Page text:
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Keeping up appearances in the Algarve

by DAISY SAMPSON

daisy.sampson@theresidentgroup.com

For many people, Portugal is a relatively unknown country. I have even heard visitors on holiday here comment about how they were surprised to find that the Algarve was not an island off the coast of Spain.

However, the recent economic and political turmoil has turned the attention of the world firmly on the country.

As Portugal becomes the latest country to have to seek outside assistance and a bailout, the world’s media are watching as the situation develops, as this is a subject that affects not just Portugal but Europe as a whole.

A quick search on Google will bring up thousands of articles about Portugal, with the situation here making the headlines on a daily basis across news services, papers and news broadcasts.

This week, representatives from the BBC have been in the Algarve to report on the people behind the crisis and on the real effects that increasing taxes, budget cuts and rising unemployment levels have on the people living in the primary tourist destination of Portugal.

Paul Henley, a radio and broadcast journalist for the BBC, and his team explained how the reality of such a crisis was of great interest to those outside Portugal keen to see behind the scenes.

He told the Algarve Resident: “I came up with the idea of coming over to Portugal to see the real effects of the economic situation. We have been reporting about the unemployment levels, the crash in the housing and building markets and the political and economic measures that will be pushed through here and wanted to see just how this was affecting regular people in Portugal.”

The team from the BBC will be compiling footage for programmes and segments on BBC Radio 4, BBC Radio 5, BBC World, BBC World Service Radio, BBC Breakfast News and a report for the BBC online service.

“When I put forward the idea of coming over here for these reports, all the editors were very interested in having something on this subject. Many other stories are not met with such enthusiasm and I think this shows a real interest in the human angle behind the current situation,” said Paul Henley.

Paul and his team have already made a visit to the Santa Casa da Misericórdia charity group in Albufeira to witness some of the most vulnerable members of the community in the Algarve.

“They are doing some really amazing work down there and clearly there is a great need for their services to help children, the elderly and disabled,” said Paul Henley.

He added: “I met with some wonderful volunteers who, despite the adverse conditions facing them, are continuing to support people here who are unable to help themselves for whatever reason.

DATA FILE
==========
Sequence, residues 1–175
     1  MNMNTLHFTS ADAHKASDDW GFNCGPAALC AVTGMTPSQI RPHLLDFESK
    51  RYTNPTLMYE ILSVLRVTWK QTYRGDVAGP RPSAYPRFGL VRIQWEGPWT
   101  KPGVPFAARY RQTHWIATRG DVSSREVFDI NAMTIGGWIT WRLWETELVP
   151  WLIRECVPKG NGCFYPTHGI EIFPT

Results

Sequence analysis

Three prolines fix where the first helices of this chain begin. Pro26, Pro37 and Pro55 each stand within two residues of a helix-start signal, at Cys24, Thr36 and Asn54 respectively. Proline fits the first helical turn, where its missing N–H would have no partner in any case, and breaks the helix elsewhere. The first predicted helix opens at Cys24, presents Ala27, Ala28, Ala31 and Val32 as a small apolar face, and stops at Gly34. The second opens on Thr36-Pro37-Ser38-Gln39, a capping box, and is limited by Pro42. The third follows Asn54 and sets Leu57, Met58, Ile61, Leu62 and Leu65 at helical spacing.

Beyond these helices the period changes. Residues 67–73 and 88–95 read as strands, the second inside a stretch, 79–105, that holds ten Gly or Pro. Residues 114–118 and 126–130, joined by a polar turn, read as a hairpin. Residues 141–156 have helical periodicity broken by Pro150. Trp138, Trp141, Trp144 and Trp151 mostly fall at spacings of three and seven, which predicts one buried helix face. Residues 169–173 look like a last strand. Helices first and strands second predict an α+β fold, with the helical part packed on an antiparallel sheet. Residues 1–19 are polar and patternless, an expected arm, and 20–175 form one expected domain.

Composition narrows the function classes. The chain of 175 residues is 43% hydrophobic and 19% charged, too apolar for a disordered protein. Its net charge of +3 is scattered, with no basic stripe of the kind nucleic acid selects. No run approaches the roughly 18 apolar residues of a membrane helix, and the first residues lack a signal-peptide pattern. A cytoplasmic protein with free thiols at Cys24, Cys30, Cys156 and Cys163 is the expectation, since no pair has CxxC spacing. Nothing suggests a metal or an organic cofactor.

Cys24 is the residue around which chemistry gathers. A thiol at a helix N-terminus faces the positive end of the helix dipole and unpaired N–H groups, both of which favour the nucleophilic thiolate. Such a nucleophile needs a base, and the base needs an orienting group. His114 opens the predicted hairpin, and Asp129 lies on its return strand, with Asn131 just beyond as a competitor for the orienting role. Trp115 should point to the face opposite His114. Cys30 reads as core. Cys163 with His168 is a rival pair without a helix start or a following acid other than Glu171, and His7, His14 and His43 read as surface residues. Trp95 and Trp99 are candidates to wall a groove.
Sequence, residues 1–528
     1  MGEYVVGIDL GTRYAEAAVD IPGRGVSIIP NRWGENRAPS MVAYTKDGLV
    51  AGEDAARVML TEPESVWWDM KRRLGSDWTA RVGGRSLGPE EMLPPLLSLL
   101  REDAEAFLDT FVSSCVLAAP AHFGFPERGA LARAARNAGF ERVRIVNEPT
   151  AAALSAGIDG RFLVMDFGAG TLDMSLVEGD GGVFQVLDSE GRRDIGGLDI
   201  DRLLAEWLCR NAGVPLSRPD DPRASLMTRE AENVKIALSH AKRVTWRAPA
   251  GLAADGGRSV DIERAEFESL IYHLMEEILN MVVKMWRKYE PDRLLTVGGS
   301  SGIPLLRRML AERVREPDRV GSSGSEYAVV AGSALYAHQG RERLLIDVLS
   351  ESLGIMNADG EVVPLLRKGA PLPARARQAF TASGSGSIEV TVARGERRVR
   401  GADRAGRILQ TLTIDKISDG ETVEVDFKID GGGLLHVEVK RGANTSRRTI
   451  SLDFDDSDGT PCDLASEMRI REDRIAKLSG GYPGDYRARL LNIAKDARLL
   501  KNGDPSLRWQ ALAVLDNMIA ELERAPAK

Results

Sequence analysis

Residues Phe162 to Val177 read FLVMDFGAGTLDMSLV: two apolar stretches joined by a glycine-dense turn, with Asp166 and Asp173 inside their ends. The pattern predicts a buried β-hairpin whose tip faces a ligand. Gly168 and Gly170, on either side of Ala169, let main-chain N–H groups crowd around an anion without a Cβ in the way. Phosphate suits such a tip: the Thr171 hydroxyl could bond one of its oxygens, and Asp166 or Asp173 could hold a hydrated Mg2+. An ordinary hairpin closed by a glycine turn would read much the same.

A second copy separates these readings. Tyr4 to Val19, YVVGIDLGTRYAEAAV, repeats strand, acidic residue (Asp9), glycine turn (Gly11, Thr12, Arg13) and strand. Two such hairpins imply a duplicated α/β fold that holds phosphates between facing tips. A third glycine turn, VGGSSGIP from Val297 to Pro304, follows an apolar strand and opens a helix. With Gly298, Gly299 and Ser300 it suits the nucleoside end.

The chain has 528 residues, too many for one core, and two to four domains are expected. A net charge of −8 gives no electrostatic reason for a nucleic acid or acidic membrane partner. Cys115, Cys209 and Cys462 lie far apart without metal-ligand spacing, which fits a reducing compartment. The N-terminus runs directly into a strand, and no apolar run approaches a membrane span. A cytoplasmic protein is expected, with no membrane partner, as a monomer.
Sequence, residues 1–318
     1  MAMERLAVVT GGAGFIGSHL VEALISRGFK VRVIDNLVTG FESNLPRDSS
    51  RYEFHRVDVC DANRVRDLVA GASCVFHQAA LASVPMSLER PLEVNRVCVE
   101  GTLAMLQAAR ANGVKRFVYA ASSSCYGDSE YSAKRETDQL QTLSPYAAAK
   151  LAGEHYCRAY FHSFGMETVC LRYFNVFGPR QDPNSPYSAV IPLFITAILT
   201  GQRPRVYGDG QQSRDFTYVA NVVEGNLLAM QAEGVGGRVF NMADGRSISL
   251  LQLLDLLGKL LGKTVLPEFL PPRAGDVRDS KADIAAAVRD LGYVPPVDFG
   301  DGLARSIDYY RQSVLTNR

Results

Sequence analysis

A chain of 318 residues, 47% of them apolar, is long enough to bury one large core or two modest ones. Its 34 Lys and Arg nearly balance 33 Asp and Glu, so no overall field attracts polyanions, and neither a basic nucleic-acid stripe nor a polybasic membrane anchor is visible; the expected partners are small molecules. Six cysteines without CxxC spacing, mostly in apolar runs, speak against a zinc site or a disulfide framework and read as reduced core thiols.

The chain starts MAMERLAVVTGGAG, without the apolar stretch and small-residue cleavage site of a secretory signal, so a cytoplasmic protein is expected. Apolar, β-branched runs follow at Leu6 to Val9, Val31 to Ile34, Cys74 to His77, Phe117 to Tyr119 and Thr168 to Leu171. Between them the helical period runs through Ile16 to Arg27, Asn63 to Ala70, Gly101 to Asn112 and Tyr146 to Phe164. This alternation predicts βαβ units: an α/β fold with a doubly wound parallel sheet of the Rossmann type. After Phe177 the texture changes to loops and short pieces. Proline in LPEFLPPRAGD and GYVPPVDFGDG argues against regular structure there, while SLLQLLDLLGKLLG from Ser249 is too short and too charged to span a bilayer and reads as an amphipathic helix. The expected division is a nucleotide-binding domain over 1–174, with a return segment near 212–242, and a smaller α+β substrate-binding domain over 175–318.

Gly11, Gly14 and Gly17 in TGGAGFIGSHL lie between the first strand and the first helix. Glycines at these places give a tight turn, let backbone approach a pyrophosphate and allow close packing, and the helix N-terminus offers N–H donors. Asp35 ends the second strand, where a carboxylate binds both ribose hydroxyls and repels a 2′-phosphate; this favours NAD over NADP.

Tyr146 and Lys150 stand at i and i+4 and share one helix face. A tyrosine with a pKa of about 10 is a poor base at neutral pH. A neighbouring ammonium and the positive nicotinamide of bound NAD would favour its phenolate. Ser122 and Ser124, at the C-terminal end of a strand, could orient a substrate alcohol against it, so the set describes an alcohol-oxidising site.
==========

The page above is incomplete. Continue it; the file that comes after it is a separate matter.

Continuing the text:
“The problem with the Algarve in particular is the perception that people have of the region. Just driving around the resort areas, this looks to be an affluent area, there are many large villas, four and five star hotels and top class golf courses that do not give an impression of people struggling to feed themselves.”

Just scratching the surface of the Algarve, however, reveals the extent of the real poverty facing families, increasing regular food bank donations are just one indicator of the knock on effects of rising unemployment, while reports of people queuing at the offices of Segurança Social to be told week after week there will be no unemployment benefit coming their way again show that this is now an increasingly difficult place to live and survive in.

“To be honest, it is shocking to think that people are having to survive on such low minimum wages while the cost of living is ever increasing.

“We had thought that the local people who live and work here would be resenting the tourists who come over to the Algarve and flash their cash when the opposite is actually true and the Algarve continues to be a welcoming destination for tourists despite the hardships facing the people,” said Paul.

As we move into the summer season, many of the workers who were left unemployed during the winter months will be able to once again find temporary employment while the sights of busy bars and restaurants continue to create the impression that all is well.

The Algarve is continuing to keep up appearances for the outside world but perhaps it is time that the truth behind the sunshine lifestyle was revealed if real help is ever to come this way.

The BBC programmes recorded in the Algarve will be broadcast within the next week, depending on scheduling.
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